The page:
5 More Executions and What They Mean

This Sunday, May 9th, Iran executed five political prisoners for moharebeh (enmity against God). As Iran-watchers know, executions are nothing new in Iran. The Islamic Republic ranks second behind China in this dubious category. What is disturbing is that these five executions add to the other two similar cases of political prisoners executed since last year’s election, and come within a month of its one year anniversary.

So what exactly were these “crimes against God” that warranted death by the state’s hand? Four of the five persons executed–Farzad Kamangar, Ali Haydarian, Farhad Vakili, and Shirin Alam-Houli–were Kurds and accused of being members of the banned Free Life Party of Kurdistan (PJAK), an Iranian offshoot of the Turkey-based PKK. They allegedly confessed to being active in PJAK and taking part in several bombings in northwest Iran. The fifth person, Mehdi Eslamian, was charged with membership in an obscure monarchist group, the Kingdom Assembly of Iran, and taking part in a bombing of a Shiraz mosque in 2008. (Interesting note: the previous two political prisoners executed for moharabeh crimes were also accused of membership in this group, and Iran is apparently raising a stink about US support for this group out of Los Angeles).

Even by Iranian judicial standards, the trials of the five and their subsequent executions were carried out with utter disregard for legal procedures. To cite just a few examples given from an interview by a lawyer for two of the prisoners:

  • In Kamangar’s case, his initial trial and appeal process had no jury. His appeal trial lasted only 10 minutes. When lawyer asked to present his defense he was told to write it down, as the judge had to leave for daily prayers.
  • The accused had scant access to their lawyers and their families during their time in prison and leading up to their trials.
  • The five were said to have ‘confessed’ to membership in terrorists groups. But there is evidence, including letters smuggled out from prison from several of the executed, that they were tortured in prison and their confessions were forced. Alam-Houli wrote that she was drugged and beaten. Kamangar reported physical torture and threats of sexual abuse.
  • Neither their families nor their lawyers knew about executions until after they had taken place. The law requires lawyers to be notified about executions ahead of time.
  • According to Iranian law, the Supreme Court must approve all death sentences. In these five cases none were approved by this body.

So why the sudden, unannounced executions? Were they sending a message to potential protestors ahead of planned rallies on June 12th? Or were they simply further iterations of an unfortunately prevalent pattern of executions of political prisoners–particularly among ethnic activists? Two of DC’s most abrasive Iran analysts (and I use the term loosely) see nothing politically targeted in these executions. Putting aside their typically self-aggrandizing polemical style, they do make some points that are worth noting. If the regime intended for these executions to send a message, why not execute people accused of moharebeh crimes stemming from post-election activities? Several people have been convicted of such crimes and are awaiting execution, so why not them?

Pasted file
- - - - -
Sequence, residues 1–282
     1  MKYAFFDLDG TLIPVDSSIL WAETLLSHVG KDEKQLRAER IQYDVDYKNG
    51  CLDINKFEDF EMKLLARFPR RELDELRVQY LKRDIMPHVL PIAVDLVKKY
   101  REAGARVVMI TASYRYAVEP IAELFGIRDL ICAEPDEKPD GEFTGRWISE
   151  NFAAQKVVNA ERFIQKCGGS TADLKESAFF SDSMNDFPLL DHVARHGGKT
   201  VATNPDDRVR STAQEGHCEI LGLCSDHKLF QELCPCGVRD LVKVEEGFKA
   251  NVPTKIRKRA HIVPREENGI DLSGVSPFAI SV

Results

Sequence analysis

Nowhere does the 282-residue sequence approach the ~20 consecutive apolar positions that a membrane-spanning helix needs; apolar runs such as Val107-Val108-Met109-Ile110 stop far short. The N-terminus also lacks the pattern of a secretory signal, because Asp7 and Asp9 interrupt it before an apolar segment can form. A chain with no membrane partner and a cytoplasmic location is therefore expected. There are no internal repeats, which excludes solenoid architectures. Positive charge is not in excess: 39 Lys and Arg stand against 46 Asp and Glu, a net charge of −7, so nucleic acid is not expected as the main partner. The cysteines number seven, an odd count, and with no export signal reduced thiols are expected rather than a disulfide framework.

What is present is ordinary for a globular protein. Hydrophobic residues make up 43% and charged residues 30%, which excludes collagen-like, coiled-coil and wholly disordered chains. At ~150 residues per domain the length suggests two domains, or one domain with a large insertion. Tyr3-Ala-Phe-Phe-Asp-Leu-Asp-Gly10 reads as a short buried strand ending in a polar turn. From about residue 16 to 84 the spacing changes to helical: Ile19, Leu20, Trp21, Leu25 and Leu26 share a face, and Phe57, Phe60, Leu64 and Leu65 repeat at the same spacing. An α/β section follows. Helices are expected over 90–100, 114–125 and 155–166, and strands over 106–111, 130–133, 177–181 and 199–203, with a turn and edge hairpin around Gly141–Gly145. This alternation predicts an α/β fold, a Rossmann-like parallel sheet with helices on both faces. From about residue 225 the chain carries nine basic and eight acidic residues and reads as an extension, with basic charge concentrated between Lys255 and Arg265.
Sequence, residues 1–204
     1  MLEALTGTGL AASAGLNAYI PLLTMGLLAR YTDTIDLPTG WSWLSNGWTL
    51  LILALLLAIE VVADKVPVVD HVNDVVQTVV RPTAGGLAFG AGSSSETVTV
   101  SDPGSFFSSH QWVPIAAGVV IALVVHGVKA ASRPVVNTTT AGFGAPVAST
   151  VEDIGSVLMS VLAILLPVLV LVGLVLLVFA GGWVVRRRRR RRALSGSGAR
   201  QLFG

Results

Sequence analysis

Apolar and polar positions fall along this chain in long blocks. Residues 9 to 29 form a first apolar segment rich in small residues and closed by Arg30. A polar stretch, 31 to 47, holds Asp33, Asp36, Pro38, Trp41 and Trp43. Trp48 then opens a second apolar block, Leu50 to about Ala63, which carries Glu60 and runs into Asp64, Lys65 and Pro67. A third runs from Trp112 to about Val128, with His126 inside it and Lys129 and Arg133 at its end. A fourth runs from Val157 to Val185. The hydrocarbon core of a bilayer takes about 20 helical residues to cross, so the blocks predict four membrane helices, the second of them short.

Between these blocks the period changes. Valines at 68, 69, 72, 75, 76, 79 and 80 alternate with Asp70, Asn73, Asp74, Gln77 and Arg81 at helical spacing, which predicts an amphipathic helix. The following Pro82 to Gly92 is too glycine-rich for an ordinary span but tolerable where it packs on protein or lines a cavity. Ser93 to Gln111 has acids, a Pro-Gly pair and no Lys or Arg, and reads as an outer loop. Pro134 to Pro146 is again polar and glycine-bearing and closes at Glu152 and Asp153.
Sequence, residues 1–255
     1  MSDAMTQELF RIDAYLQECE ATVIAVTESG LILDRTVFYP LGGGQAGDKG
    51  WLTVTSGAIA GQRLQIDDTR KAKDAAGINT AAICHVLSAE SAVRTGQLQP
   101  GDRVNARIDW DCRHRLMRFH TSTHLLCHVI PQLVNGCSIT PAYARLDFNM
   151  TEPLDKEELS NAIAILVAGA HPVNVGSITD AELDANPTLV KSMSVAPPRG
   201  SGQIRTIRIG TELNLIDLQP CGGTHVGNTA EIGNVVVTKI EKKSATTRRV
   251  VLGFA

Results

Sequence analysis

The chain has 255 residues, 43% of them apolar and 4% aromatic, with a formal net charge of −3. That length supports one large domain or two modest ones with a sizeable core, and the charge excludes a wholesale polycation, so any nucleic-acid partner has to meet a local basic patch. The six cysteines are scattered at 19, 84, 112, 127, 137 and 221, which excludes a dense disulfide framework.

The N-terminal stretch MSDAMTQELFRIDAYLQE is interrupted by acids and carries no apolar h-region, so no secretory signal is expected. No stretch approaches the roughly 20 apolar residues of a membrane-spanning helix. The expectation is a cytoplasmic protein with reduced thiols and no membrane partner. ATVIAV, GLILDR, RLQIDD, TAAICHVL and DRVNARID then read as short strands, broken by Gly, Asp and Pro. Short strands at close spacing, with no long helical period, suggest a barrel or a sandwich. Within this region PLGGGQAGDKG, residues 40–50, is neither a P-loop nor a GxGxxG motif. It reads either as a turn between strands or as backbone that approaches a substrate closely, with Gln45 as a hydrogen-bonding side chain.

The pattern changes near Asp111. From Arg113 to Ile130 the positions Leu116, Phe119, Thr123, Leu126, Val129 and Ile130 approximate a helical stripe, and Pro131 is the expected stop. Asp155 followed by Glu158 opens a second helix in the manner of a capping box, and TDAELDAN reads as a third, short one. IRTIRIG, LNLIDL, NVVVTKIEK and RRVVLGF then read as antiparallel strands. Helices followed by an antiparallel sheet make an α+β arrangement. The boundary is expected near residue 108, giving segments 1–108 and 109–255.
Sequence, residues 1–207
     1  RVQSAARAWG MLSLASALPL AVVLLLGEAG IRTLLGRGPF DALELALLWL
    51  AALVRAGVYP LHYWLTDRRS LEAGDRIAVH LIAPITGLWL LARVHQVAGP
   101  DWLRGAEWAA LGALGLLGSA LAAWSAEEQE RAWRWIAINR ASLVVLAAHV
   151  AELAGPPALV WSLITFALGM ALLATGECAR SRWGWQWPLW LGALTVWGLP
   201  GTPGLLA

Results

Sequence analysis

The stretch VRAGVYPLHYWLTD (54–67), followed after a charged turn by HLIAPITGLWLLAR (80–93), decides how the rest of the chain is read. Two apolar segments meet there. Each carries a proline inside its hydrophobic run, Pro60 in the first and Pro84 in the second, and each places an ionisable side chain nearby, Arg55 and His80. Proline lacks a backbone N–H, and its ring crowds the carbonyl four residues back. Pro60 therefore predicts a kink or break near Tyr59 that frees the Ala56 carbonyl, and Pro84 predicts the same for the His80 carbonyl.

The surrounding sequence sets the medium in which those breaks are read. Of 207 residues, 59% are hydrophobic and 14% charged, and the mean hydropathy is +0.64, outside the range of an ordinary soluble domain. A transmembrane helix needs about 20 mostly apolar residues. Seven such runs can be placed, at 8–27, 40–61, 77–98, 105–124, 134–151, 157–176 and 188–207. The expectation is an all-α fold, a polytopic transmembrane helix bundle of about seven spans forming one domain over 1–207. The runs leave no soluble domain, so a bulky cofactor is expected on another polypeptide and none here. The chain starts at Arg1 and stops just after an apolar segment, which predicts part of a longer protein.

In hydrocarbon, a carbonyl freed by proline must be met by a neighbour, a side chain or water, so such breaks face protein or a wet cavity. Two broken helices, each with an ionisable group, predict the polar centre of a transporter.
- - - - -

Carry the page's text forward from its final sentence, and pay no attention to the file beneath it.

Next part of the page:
These are good questions to raise, but you also can’t take the decision to summarily execute five political prisoners–whether arrested before the election or not–in a political vacuum given the current environment in Iran (the Leverett’s would undoubtedly claim all is well in Iran, and the talk of crisis is unjustified, but that opens an entirely new jar of sumaq). The five were arrested, charged, and finally executed with moharebeh crimes not just for alleged membership in terrorist groups, but for “acting against Iran’s national security.”  These phrases have been thrown around time and time again by hardliners in condemning protestors and the opposition leaders. Somehow I doubt people thinking about taking to the streets next month are breathing a sigh of relief or feeling any safer knowing that the five just executed were charged with crimes that happened before last June.

The political effects of these executions have not been lost on the government either. Several family members of the five have been arrested, and none of the bodies have been able to be viewed or buried yet. Protests and strikes were planned in Kurdish areas of Iran, as well as the capital, and some predominantly Kurdish cities were placed under heightened security presence. Families have been pressured not to take part in any protests, and some political prisoners have gone on hunger strike out of solidarity. Opposition leaders have come out and condemned the executions, while state media has played down but repeated claims that those executed were terrorists from foreign-backed groups.

Regardless of what was meant by the executions, 5 more political prisoners are dead. If this was meant to scare the opposition, it doesn’t seem to be working. In a repeat of the May Day protest at Tehran University over Ahmadinejad’s surprise visit and speech, students at Shahid Beheshti University protested a similar unannounced speech earlier this week. They chanted things like “students would rather die than give in to disgrace” and “where is your 63%?” Of course this is a far cry from the millions who took to the streets 11 months ago, but spontaneous demonstrations such as these show the will still exists to go back to the streets.

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One Response to “5 More Executions and What They Mean”

  1. One Week After the Executions « HGU's Blog Says:

    […] HGU's Blog Thoughts on Iran « 5 More Executions and What They Mean […]

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